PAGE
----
Three broad trends are evident in cataract surgery: (1) the reduction in the size of incisions necessary for phacoemulsification and lens implantation, (2) the increasing popularity of single-use instruments, and (3) cost reduction as a corollary of economic imperatives, in particular a drop in the rates paid for standard procedures. Reduced incision sizes demand precision and reliability from both the surgeon and the instruments he uses; however, precision is not always compatible with repeated use and resterilization of instruments. In this respect, single-use instruments are an interesting alternative to reusable instruments that may see increasing use in ophthalmology.
Although it is not yet clear how long such transition will take, single-use instruments have advantages over reusable ones because of technical, regulatory, and economic reasons. First, the ability to use these instruments in microincision cataract surgery (MICS) has markedly increased. Second, sterilization regulations have not changed recently, but they must be applied rigorously. Third, the cost of single-use instruments is falling compared with their resterilizable counterparts. Single-use instrumentation is a strong trend in health care in general and should continue to spread to ophthalmology.
One prerequisite for increased preference for single-use instruments is an improvement in quality, which must be comparable if not better than reusable instruments. For a long time, single-use meant relatively poor quality at a high price. That is no longer the case for most single-use instruments, primarily due to striking technological progress. Previously, it was often a manual finishing process that determined the cost and performance of instruments. Technological advances now allow higher quality at lower cost, and single-use instruments provide improved effectiveness, especially for MICS because instruments such as capsulorrhexis forceps can now be used only once.
On certain single-use forceps, a U-shaped metal core provides rigidity determined by the force of the spring (Figure 1). The metal core is mounted in a plastic handle; once in place, it guarantees control and perfect alignment of the active parts. This function allows factory calibration of the spring according to the type of forceps and the particular rigidity required. With other forceps, the plastic body itself determines the force of the spring. Single-use forceps may also have jaws that grip the capsule through small incisions or rear jaws that prevent the forceps from reopening if the sleeve is squeezed too tightly (Figure 2).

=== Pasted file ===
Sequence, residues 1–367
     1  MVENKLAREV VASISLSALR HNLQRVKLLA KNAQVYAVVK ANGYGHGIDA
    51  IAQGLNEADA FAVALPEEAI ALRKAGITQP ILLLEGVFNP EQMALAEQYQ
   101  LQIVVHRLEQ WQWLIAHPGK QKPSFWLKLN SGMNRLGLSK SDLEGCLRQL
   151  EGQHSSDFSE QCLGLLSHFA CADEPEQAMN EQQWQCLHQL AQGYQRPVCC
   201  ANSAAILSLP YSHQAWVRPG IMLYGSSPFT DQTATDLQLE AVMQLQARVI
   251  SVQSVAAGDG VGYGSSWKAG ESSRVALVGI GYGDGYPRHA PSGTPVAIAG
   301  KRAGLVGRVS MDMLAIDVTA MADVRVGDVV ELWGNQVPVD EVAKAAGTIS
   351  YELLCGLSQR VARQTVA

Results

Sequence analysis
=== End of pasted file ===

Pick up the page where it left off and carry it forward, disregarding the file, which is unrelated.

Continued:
The flexibility of this fabrication process is so great that the shape and size of the pincer tips as well as the angle, thickness, and camber of the arms can be varied. Such variety will be useful in the future when 2.2-, 1.8- and 1.5-mm incisions become common. Additionally, highly automated fabrication means that products can readily evolve in line with—or ahead of—surgical techniques. This production process also decreases productions costs and is more competitive with reusable instrument pricing.
There are three basic categories of single-use instruments, mono-material steel, mono-material plastic, and bimaterial plastic-steel.
Mono-material steel instruments. These single-use instruments are usually of mediocre quality, although BD (Franklin Lakes, New Jersey) has just launched a full range of well-performing instruments compatible with MICS. Other companies that offer mono-material steel instruments include Accomed (Theizé, France), Ovation Pharmaceuticals, Inc. (Deerfield, Illinois), Phakos (Montreuil, France), and Carl Zeiss Meditec (Jena, Germany).